Late last August, EthicalOil.org began running a 30 second TV advertisement on the Oprah Winfrey Network in Canada, chastising America's dependence on Saudi Arabian oil.
"We bankrolled a state that doesn't allow women to drive, doesn't allow them to leave their homes or work without their male guardian's permission," a female narrator said.
"Today there is a better way," she added. "Ethical oil from Canada's oil sands."
A YouTube video of the advertisement ended with a plea: "Help keep this ad on the air. Visit ethicaloil.org and make a donation today."
If the subtext wasn't clear enough, EthicalOil.org founder and former federal Conservative Party staffer, Alykhan Velshi, later applauded "the grassroots support from across Canada" which had "made possible" this ad campaign.
In an email exchange with a Huffington Post reporter about the ads, he wrote: "We are 100 per cent independent of government and industry."
The Facebook page for Velshi's website, as well, describes his group as a non-governmental organization based in Toronto, Ontario.
Yet any online donations to EthicalOil.org appear to go to the Ethical Oil Institute, a non-profit registered in Alberta.
This non-profit happens to share a street address with a prominent Alberta legal firm, one claiming to do business with nearly two-thirds of all major oil sands companies.
And Velshi's grassroots-supported "Ethical Oil Institute" apparently had enough money to sponsor a celebrity golf tournament in Calgary last June.
"Nobody likes Big Oil, so they like to work through front groups which are seemingly independent," Greenpeace Canada's Keith Stewart told The Tyee. "And these groups usually put forth an oil company agenda in the name of the public interest."
Evolution of 'ethical oil'
The phrase "ethical oil" was popularized last year in a book of the same name by right-wing commentator Ezra Levant.
The former Western Standard publisher turned tobacco lobbyist turned Sun TV personality argued that oil from Liberal democracies such as Canada is morally superior than, for example, "conflict oil" from Saudi Arabia.
His message has gained political traction in Ottawa, where it's been repeated by Conservative Environment Minister Peter Kent and even Prime Minister Stephen Harper.
This summer, 27-year-old Alykhan Velshi, a former communications director for Conservative Immigration Minister Jason Kenney, took up the "ethical oil" mantle, relaunching EthicalOil.org with support from Levant.
Velshi has since staunchly maintained his independence, telling the Globe and Mail he "won't take money from any foreign corporations, any governments." (Though he did admit in the same interview he wouldn't refuse money from a Canadian company).
At the same time, he's pleaded with ordinary Canadians to donate to his cause.
"We rely on small donors like you to sustain our grassroots advocacy," reads the EthicalOil.org website. "Please consider making a $5, $10, or $15 donation."
Oil sands industry connection?
Click on the "Donate" button and you're taken to a PayPal page belonging to the "Ethical Oil Institute."
According to Alberta's corporate registry, the "Non-Profit Private Company" was incorporated last March and has the same Edmonton street address as McLennan Ross LLP, a prominent Alberta legal group.
That group, which also has offices in Calgary and Yellowknife, claims on its website to be "one of the few firms in Alberta specializing in oil sands work."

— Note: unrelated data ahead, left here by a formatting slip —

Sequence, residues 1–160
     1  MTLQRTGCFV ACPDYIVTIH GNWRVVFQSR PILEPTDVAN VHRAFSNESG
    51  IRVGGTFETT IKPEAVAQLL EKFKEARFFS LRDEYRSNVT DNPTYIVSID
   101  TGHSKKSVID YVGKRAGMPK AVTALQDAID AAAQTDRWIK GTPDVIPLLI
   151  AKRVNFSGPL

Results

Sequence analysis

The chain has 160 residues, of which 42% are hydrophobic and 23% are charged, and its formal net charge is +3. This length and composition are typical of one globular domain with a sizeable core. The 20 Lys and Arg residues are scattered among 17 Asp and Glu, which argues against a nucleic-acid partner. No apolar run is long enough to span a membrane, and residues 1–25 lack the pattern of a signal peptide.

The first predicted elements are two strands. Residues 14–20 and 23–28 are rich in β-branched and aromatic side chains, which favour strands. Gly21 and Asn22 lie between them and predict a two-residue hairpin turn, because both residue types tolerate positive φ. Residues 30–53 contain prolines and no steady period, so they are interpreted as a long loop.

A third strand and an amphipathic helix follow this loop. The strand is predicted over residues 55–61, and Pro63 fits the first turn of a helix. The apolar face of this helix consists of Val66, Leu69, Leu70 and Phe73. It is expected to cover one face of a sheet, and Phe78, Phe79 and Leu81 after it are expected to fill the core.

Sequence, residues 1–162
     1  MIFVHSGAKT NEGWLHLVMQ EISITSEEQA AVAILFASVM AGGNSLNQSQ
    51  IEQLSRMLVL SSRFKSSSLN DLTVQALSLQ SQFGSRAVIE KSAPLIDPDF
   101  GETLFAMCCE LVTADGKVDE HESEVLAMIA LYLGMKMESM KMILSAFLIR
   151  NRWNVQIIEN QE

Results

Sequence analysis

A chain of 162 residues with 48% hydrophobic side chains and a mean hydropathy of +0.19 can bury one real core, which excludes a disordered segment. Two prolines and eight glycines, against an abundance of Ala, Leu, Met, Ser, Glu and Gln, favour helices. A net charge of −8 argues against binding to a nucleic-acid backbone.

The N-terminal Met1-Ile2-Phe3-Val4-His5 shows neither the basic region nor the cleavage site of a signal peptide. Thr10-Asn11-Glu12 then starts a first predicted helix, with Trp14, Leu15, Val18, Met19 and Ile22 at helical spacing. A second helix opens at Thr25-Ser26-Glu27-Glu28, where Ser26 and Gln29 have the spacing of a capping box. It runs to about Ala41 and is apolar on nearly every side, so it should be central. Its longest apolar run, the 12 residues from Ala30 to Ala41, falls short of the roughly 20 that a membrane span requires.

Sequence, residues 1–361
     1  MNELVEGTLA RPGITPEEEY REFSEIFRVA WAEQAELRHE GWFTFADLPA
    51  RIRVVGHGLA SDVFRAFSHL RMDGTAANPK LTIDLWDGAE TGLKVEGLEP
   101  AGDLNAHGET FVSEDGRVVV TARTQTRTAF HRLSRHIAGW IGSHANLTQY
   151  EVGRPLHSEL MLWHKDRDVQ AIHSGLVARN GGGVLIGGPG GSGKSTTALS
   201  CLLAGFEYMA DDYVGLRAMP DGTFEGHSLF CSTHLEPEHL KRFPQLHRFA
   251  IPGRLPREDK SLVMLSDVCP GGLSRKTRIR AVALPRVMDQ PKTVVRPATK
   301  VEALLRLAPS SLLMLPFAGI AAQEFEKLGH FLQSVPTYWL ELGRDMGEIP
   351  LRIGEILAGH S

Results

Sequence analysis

"We've been involved in every aspect of operations within the oil sands since 1975."
These days, McLennan Ross LLP handles everything from regulatory approval to labour disputes for its clients, who comprise "63 per cent of the most dominant oil sands players."
A recent information request from Greenpeace Canada revealed that the legal group shares more than just a street address with the Ethical Oil Institute.
McLennan Ross LLP lawyer Thomas Ross sits on the Institute's two-person board of directors, alongside Ezra Levant, according to Alberta's Corporate Registration System.
"This is a group that's running TV ads on the Oprah Winfrey network, which means they have cash," Greenpeace's Stewart said. "Canadians should be asking, where are they getting this money from?"
(Neither Ross nor Velshi responded to The Tyee's requests for an interview by posting time).
Celebrity golf tournament
Whether the Ethical Oil Institute's money is coming from regular Canadians or elsewhere, the group had enough of it last June to help sponsor the Kinnear Classic Rockyview Invitational Golf Tournament.
Participants at this year's Calgary event, which raises money for municipal health care programs, included former Eagles guitarist Don Felder and pro golfer Gordon Sherry.
"One wonders why a cash-starved startup non-profit would participate in such an event," reads a blog post on deepclimate.org. "Presumably, you have to spend money to make money, and what better way to introduce the new kid on the non-profit block to Calgary's corporate elite."
Farts 'emit more than that'
This weekend, two weeks of civil disobedience against Alberta's oil sands in Washington, DC, came to an end. It was an event that saw more than 1,250 activists arrested for protesting, among other issues, the industry's large carbon footprint.
Just weeks before the protest began, Environment Canada predicted that soaring oil sands emissions would eclipse any carbon gains made by phasing coal out of Canada's electrical supply.
EthicalOil.org's viewpoint on the controversy?
"GHGs from the oil sands total just over one-hundredth of one per cent of all the greenhouse gases going up into the atmosphere, or 0.015 per cent," reads an entry in the "Myths and Lies" section on its website.
"Farts emitted from all the cows and pigs on Canada's farms emit more than that."